Allergies

About Allergies

Did you know that one out of three people suffer from allergies?

That's a lot of people. You may be one of us. If you are, then you are all too familiar with the symptoms associated with an allergic reaction. The awfulness of itchy eyes, runny nose, rashes and hives, sinus pressure headaches, upset stomach...well, I don't need to tell you. You know how it is.

You would think that with all the advancements in technology and medicine, that there would be a permanent cure for allergies, but there isn't. Not yet, at least. But the more we learn and know about allergies - the causes, the symptoms, etc - the better equipped we are with dealing with the suffering and misery that come hand in hand with allergies.
There are a number of ways that you can improve the quality of your life even as an allergy sufferer and we cover them in this article. We'll talk about practical tips on allergen avoidance, some medical options, and jewelry options.

Define Me
An allergy is what you have to something when your immune system identifies it as a threat to your health. It could be anything - and most of the time these allergens are harmless to other people. Because your immune system is hypersensitive to the allergen, it sends a signal to attack and eliminate the invader from your body.
This signal triggers a series of reactions; one of which is the release of histamine. This release is what makes our eyes water, our noses drip, etc. It's our body's way of getting rid of the allergen. Unfortunately, it doesn't look glamorous, and quite frankly, most of the time, these symptoms make us feel uncomfortable. And it happens every single time we are exposed to the same allergen.
How Does it Feel? Common Symptoms of an Allergic Reaction


Different people have varying degrees of reaction to a particular antigen. Some people have severe reactions, others mild or moderate. Here's a list of common symptoms:

Mild: sneezing, coughing, itchy eyes, watery eyes, runny nose, itchy body

Moderate: wheezing, mild rash, few hives, abdominal pain, bloating, gas, diarrhea

Severe or Anaphylaxis: hives all over body, difficulty breathing, difficulty swallowing, confusion, dizziness, loss of consciousness, swelling of lips or throat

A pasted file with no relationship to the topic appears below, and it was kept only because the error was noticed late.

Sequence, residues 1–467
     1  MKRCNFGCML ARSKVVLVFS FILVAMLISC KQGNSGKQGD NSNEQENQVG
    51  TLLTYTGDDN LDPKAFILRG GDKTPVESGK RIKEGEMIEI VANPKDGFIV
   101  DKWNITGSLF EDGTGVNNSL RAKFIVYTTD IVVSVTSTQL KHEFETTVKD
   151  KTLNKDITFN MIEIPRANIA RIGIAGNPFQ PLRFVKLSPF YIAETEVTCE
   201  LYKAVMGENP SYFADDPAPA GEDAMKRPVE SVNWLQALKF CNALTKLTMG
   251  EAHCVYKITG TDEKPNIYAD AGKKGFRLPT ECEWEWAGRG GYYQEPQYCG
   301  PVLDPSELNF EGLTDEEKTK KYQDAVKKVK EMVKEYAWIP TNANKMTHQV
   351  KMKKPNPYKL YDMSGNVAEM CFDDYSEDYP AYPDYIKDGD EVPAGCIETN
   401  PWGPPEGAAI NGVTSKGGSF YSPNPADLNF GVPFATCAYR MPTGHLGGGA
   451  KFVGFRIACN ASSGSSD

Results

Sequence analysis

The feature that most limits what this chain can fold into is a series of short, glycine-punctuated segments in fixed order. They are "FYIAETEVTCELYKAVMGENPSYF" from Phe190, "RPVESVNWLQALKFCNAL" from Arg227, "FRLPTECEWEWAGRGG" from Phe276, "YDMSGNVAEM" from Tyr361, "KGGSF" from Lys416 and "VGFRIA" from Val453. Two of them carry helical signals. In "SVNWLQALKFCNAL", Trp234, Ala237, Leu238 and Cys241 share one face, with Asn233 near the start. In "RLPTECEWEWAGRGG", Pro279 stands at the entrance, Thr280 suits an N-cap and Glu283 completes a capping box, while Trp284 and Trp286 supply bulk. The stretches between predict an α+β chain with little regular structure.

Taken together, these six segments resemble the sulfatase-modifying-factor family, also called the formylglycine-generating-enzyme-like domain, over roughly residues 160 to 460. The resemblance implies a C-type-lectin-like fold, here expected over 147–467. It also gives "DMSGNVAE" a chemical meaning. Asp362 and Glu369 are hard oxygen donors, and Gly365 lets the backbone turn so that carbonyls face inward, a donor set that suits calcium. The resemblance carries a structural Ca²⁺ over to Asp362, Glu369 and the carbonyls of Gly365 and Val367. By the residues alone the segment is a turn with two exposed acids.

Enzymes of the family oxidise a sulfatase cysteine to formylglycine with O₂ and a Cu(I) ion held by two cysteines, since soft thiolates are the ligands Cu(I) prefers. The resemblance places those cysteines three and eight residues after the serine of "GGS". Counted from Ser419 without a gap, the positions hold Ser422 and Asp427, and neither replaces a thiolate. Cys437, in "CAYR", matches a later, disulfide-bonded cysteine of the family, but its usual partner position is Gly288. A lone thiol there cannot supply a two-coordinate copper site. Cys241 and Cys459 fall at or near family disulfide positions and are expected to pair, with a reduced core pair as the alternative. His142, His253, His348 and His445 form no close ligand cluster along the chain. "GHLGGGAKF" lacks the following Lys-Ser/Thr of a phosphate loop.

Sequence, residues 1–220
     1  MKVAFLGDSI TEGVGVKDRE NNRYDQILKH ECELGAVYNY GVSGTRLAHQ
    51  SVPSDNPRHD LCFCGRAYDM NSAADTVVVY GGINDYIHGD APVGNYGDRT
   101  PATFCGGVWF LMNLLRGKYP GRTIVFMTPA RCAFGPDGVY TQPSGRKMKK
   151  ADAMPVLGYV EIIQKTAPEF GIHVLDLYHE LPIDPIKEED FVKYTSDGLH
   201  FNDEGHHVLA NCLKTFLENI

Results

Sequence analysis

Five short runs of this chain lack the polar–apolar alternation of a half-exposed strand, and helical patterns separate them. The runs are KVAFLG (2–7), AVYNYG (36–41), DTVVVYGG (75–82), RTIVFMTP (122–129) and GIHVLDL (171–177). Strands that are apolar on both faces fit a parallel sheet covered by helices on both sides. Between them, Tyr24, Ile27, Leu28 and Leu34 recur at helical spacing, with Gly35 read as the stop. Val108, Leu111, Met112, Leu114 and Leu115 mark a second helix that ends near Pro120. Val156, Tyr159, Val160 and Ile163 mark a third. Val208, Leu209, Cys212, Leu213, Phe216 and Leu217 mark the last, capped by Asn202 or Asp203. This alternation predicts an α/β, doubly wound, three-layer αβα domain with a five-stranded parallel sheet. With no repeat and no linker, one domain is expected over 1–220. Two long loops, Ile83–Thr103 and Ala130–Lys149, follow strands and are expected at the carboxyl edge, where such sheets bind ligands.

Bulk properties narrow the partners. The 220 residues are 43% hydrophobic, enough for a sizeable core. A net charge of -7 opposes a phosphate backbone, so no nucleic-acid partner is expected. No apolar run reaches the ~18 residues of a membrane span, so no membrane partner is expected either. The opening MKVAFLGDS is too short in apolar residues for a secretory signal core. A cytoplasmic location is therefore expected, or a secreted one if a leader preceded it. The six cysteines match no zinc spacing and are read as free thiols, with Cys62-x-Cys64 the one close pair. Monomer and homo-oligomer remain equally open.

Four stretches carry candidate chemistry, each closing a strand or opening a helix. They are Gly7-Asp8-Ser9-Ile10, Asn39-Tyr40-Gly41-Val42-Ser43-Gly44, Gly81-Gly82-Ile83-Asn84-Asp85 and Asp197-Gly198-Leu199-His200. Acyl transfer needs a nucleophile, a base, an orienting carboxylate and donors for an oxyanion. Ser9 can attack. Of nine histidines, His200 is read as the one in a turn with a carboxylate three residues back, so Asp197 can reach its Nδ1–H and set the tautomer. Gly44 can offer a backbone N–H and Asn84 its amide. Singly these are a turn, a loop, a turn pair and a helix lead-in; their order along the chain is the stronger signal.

Most people experience mild to moderate allergic reactions. If you or someone you know has an extreme reaction to an allergen, it is very, very important to find medical attention immediately.
Why Me?

One thing we do know about allergies is that they are passed down from our parents and ancestors. If you have an allergy to peanuts, for instance, your children will be more likely to have a reaction as well. It's not a guarantee - just a bigger chance.
That's not to say that you can't develop an allergic reaction to something on your own, because you can. For instance, as a child, you might have been able to wear gold jewelry. But as an adult the metal makes you break out in a rash.
The opposite holds true as well. For instance, as a child, you could have been allergic to strawberries, but as an adult you can eat them by the pound.
Yes, it's all very puzzling - but true.
More interesting facts about allergies include the following: Young boys are more likely to suffer from allergies than girls. Asthma is more common in young adult females. Allergy sufferers are more common in developed nations and cities - basically industrialized areas - than the more remote, rural areas.

Another interesting fact is that children in large families are less likely to suffer from hay fever and eczema. The hygiene hypothesis states that children in large families are exposed to many infections early on in life, thus causing their immune systems to stay quite busy. Children in small families (1-2 children) are not exposed to as many, thus making it more likely for their immune systems to become hypersensitive. Fascinating, isn't it?

Meet the Perpetrators - Common Allergens
Although it is possible to become allergic to anything, scientists have found a pattern - common antigens that many people react to. We've organized them into types: food, airborne, chemical, medicine, and metals.
Some food allergens (not a complete list):
•Dairy (milk, ice cream, etc)
•Eggs
•Wheat products
•Soy
•Nuts
•Seafood
•Fruits (strawberry, mango, peach)

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